Wednesday, 19 April 2017

We unplugged our television ... and it feels great!



We unplugged the television in January and after just one day the kids forgot to ask for it.  I have to say I was more than a little surprised at how easy it was. I had braced for big (huge) arguments.

Something had to change!

We were never huge watchers and avoided commercials, we had constructive conversations about what we watched, but something had to change. Things were out of hand around the telly.

The turning point for me was noticing that our 3 year old boy was starting to become addicted. We had clear limits but he threw tantrums when we refused to turn it on, and when it was time to turn it off again. I thought we had been managing it well, but it was becoming clear that a big shift had to happen to change this pattern. He was watching 'educational' programs on ABC but still, this wasn't healthy. 


Impact of television

There's a lot of research out there about the impact of watching too much television (for all ages) and you've probably heard a lot about this - from obesity, depression, anxiety, decreased brain function, behavioural problems and more. 

There is really so much more to be doing with our lives - playing, telling stories, hanging out with friends, reading, connecting with nature, watching the stars, riding a bike ...


Redesign our living space

It's been 3 months since we disconnected our television and honestly we don't miss it at all, in fact we are so very happy we did this. The big black screen is still sitting up on the wall - a relic perhaps. We don't know what to do with it, and haven't got around to creating a replacement piece of artwork to put over the holes we drilled into the wall - aha - a great task for the kids! 


Got to get rid of the TV still hanging on the wall. We'll remove it soon, and the shelves. We've decided to turn this corner into an art and picture gallery displaying colourful pieces we create and images of fun active things we do together.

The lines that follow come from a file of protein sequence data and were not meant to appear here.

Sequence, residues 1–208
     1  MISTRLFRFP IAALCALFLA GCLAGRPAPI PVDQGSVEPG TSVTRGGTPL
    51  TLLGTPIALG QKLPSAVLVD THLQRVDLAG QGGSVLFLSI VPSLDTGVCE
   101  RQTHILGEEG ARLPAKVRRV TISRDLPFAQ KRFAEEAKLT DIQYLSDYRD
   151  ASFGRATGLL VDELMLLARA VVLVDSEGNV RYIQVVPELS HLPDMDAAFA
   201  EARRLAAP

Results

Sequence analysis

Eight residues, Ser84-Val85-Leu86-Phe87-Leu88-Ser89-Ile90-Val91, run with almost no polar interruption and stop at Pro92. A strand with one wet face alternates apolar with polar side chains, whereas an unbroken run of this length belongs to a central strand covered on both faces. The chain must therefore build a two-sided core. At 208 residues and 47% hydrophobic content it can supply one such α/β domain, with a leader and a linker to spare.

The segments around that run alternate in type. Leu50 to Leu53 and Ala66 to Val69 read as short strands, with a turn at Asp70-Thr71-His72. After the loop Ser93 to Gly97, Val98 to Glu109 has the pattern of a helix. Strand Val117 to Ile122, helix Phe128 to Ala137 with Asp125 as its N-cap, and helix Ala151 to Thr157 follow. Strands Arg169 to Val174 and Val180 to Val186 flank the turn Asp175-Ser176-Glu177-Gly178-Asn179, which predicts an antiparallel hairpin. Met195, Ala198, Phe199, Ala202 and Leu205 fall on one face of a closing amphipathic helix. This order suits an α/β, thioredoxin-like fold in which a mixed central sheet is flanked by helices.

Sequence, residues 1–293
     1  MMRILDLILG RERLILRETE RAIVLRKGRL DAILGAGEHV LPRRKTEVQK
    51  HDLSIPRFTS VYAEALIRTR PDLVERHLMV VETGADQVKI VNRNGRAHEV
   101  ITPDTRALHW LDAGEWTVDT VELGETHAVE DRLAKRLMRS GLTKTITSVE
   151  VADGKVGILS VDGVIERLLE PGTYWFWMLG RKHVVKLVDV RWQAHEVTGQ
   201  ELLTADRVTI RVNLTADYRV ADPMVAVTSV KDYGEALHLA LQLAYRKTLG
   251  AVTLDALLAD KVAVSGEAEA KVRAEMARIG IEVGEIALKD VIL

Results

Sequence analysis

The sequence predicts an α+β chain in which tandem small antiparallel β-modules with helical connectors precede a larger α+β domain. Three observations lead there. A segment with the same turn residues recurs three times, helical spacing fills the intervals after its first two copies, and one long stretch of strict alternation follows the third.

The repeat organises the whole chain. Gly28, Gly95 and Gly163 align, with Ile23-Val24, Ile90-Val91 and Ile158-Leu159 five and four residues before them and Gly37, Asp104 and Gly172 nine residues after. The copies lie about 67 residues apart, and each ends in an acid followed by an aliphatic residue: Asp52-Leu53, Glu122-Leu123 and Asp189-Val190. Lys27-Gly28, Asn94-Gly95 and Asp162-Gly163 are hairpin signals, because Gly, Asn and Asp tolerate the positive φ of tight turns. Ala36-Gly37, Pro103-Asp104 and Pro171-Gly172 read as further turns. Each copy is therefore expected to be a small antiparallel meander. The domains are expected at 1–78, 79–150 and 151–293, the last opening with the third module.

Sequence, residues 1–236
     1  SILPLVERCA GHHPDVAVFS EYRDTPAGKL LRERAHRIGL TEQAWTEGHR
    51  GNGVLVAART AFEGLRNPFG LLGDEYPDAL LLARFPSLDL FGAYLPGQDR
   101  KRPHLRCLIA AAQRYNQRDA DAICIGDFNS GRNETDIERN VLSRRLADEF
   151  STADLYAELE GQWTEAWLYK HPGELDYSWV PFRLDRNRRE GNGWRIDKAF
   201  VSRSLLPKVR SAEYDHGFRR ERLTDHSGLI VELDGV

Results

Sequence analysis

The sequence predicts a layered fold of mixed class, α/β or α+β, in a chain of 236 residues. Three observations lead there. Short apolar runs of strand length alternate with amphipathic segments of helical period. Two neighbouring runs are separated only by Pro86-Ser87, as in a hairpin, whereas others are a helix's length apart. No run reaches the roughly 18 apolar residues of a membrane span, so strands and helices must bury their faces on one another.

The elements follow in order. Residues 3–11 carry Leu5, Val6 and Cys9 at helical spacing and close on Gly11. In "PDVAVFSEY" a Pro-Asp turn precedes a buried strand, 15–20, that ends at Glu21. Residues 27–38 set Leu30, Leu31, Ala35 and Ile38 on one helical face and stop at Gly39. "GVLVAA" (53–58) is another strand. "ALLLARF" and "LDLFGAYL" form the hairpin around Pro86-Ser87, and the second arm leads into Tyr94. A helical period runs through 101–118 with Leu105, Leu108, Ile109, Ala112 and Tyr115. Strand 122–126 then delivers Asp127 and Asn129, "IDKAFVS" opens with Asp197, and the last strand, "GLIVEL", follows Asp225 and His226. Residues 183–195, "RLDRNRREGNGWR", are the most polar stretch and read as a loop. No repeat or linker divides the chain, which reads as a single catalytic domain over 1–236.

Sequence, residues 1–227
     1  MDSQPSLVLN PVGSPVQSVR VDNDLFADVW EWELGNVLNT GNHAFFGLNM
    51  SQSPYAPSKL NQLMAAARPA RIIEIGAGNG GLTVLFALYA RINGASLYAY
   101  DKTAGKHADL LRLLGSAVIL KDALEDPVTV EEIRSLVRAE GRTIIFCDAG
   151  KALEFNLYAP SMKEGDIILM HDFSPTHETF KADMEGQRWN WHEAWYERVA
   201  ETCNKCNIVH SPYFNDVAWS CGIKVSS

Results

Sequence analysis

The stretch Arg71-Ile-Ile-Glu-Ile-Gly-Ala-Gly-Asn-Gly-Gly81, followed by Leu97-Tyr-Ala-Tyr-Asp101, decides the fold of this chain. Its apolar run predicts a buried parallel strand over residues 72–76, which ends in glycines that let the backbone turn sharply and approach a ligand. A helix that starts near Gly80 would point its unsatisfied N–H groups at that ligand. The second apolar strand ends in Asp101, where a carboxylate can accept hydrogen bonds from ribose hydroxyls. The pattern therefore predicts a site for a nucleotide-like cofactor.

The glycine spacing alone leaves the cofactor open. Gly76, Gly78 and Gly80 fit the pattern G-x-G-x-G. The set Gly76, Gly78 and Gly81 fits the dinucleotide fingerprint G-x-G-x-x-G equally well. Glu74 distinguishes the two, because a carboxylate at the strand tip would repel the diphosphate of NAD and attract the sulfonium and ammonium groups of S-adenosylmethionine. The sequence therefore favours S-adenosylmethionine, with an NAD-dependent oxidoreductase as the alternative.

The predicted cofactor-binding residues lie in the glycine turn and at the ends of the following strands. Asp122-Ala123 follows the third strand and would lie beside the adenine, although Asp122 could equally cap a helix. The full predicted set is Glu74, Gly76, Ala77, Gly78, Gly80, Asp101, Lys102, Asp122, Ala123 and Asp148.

One huge bonus is that we have re-designed our living space to ignore the telly on the wall. The couch is no longer looking toward the wall with our backs to the room. Now when we relax on the couch, we face into the room, toward the people in it, and toward a beautiful view out across the lake and forested hills in the distance...a much better outlook!

Without even realising it, we allow the television to dominate the way we design rooms, even house layouts.  I love the way our main living space feels now ... sans telly.


Selective media watching

We still do watch some media, but we are all far more selective of content because we can manage that now. The children can select specific things to watch online as part of their homeschooling, such as:
The computers they use are in a shared space so the screen is easily visible and we can monitor and share the experience with them. They take notes while they are watching, and what they learn becomes part of their interesting table conversation.

Little Monty is allowed select from the ABC iView app for a short periods.


There's so many more hours in the week without television

Evan and I thought we might select interesting documentaries, but typically we don't watch anything in the evenings any more. I feel far more productive, energised and uplifted doing other things in the evening. We:

  1. spend more quality time with the kids and each other
  2. share our ideas 
  3. play music
  4. research things we want to learn about
  5. read great books
  6. write
  7. design and plan eco-living workshops
  8. make short films
  9. do some exercise

There are suddenly so many more hours available each week.

Even though we were always quite selective in what we watched and we never turned the telly on until the kids had gone to bed, I realise in my adult life I have wasted an enormous amount of time just sitting watching - just to switch off for a bit - just for some downtime at the end of the day. 


Turn off the TV for the kids and for yourself.

What started out as an action motivated by wanting to improve things for our kids, has ended up being a huge bonus for us 'grown-ups' and the family as a whole.  

Many of you reading this have already done this too, perhaps a very long time ago. I am happy to be joining you and if you haven't tried it yet, I wholeheartedly recommend giving it a go.


Have you tried? What impact did it have in your life?



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10 comments:

  1. Good morning Morag,
    I only watch two shows all week, Landline and Gardening Australia, I just love them. I watch them on Sundays from 12 till 1.30, so in total it's only an hour and a half. I so enjoy these shows and get so much from them.